Fly commercial

Hi Mike,

I need to build a rig that I can fly commercial. It needs to have 8 outputs, and needs to be able to read and generate time code. Plus I need an audio switcher to switch between rigs if one of them goes down. I will be using Digital performer for the live show but will still want to have Pro Tools LE with me on the road for edits, and transferring new files from the studio to DP. I already own 2 fast Mac laptops. What do you recommend for the rest of the rig?

John


Hi John,

If you want to fly commercial you need to try and keep the weight of your rack fully loaded at 50 pounds if possible. Some airlines will allow up to 70 pounds, and if youíre flying business class or better wonít charge for the extra weight. If youíre flying coach, then be prepared to pay more if youíre over 50 pounds, and if itís over 80 pounds they wonít fly it at all. I would get the best three-space rack you can afford, with 1î shock mounting foam. Jan Al Innerprizes makes the best racks on the market in my opinion. Here is their website http://www.cases.tv/ I would fly my laptops and hard-drives in my carry on bag, and any additional large cables or power strips in my suitcase.

For audio interfaces in a small system you have to go with the MOTU Ultra-lites. They have plenty of ins and outs, and sound really great. Since youíre using DP itís really easy to read and generate code with the MOTU SMPTE setup console. If you need 8 analog outs for the show, then you should use the main outs L&R for audio instead of the analog 7 or 8 outputs which youíll need for generating code, as you have to use one of the 8 analog outs for SMPTE. If youíre receiving code any input is fine, but it would make sense to use input 8 if output 8 is being used to send code. The Ultra-lites are very good on the road, but sometimes the attachable rack ears will crack if someone throws the rack around so be sure and get a couple extra sets from MOTU. The units themselves are rock solid, and in one rack space youíll have an incredible amount of inputs and outputs. Remember, on your laptop always use the 400FW port for the audio interfaces, and the FW800 ports for the hard drives.

Another must have if youíre using time code live is a Brainstorm Electronics SR-15+ (http://www.brainstormtime.com/sr15.php) This 1 space unit will take your time code that you are sending or receiving, reshape the code, amplify or lower the level of the code, and give you an additional 5 outputs of code if you need to send code to video, lights, sound, and have a couple lines for spares. Each line has a ground lift switch, which comes in handy when sending code to departments that have different power to avoid ground loops. It also has an easily accessible switch in the front that can switch which of the 2 inputs (front or rear) is receiving code. This is essential if your audio switcher only has 8 ins and outs and you need to be able to switch code sources quickly during a show.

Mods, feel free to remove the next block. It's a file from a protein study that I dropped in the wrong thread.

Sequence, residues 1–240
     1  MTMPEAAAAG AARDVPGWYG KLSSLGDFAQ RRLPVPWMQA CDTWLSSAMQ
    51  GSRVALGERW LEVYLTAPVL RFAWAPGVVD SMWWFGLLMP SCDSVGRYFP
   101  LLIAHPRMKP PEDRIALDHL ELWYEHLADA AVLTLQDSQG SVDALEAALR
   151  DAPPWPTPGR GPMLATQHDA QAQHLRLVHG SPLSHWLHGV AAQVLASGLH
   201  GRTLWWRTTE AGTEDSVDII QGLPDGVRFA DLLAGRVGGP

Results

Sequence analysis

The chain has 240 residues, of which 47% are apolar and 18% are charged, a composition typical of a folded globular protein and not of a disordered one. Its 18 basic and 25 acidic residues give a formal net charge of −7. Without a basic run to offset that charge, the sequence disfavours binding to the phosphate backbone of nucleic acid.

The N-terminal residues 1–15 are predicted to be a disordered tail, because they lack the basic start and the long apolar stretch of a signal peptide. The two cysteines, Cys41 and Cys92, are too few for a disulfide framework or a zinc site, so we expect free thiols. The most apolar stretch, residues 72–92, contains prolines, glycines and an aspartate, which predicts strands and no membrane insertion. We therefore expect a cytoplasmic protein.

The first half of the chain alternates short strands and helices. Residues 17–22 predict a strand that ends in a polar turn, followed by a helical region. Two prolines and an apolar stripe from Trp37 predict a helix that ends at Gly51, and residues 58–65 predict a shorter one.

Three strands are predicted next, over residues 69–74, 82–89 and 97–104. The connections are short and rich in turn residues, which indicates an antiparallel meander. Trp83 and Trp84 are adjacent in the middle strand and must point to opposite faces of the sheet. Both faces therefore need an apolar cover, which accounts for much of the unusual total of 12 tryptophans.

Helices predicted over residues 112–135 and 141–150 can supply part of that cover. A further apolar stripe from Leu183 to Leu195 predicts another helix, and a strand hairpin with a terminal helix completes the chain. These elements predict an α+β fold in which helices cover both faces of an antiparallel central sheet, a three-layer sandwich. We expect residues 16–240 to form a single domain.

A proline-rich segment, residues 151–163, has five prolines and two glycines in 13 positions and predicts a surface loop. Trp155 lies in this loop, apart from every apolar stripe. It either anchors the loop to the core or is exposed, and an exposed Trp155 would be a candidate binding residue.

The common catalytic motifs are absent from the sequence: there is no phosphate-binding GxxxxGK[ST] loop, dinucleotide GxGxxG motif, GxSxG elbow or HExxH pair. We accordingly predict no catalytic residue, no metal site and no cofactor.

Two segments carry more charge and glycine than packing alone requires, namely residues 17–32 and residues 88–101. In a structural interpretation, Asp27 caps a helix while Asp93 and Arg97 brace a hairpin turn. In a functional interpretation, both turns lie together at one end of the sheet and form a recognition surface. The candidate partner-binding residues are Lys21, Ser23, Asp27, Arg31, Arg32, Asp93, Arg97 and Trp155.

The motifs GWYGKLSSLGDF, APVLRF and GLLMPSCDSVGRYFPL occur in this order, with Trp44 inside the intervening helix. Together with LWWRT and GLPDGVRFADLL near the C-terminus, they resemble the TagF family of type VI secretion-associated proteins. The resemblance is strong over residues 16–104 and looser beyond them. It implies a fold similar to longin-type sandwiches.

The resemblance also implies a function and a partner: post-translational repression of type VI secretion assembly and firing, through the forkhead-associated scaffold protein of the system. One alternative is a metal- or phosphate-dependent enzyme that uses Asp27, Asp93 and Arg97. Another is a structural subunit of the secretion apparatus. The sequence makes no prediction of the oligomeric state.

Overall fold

The most important part of this small rig is the audio switcher. The Radial SW8 is absolutely the best switcher out there for a rig of this size (http://www.radialeng.com/re-sw8.htm). You can chain them together if you have a bigger rig. To switch between rigs you can either manually hit a switch on the front, use a footswitch, or you can have it auto-sense when to switch. If your code is being sent out of output 1, and thereís code on both input 1ís, then it will stay on the A system. If the code on the A system stops it will immediately switch to the B rig. This is very powerful for situations that require immediate switching in case of failure, but I prefer to switch things myself. The SW8 has 16 inputs (DB25 or 1/4î), and has 8 outputs in the front that are transformer isolated XLR mic outputs. There is also an additional DB25 mirror of the front 8 outs on the back that you can use for editing on your external mixer. It also has a ñ20 db pad for the XLR outs. It sounds great and I have flown it all over the world with no problems.

I also carry along a Digidesign Mbox2 (although the new Mbox 2 Mini looks very cool) for doing my Pro Tools transfers on the road. You can do transfers pretty easily from PT to DP by simply consolidating the audio so that everything starts at the same place, save a MIDI file for tempo and location information, then drag the audio into DP and import the MIDI file. The problem with this is that you have to rename the tracks in DP, and rebuild your mix, unless you did a bounce to disk in PT which can be very time consuming if there are a lot of separate tracks, that need to stay separate. I use Digi-Translator to save the PT file as an AAF or OMF file, then again save a MIDI file for tempo and location points, then open the file in DP. The files are all named just as they were in DP; the volume automation is there as well. The only issue is that I have to redo my panning. For some reason that is still not transferred properly. If anyone out there knows what Iím doing wrong with the panning please let me know and Iíll pass it along to everyone in Keyboard-land.

So, now you have a very powerful rig that you can do almost everything with in a three-space rack, carry-on bag, and a small suitcase. Honestly, this has been my primary rig for all of my TV work I do in LA for some time, and it works great. My G5 towers that I used to tour with are sitting in my studio, although my G5 tower with PTHD is still getting a lot of use! That may change in the future though. Please keep the questions coming! Mike

Mike McKnight Sounds Inc.

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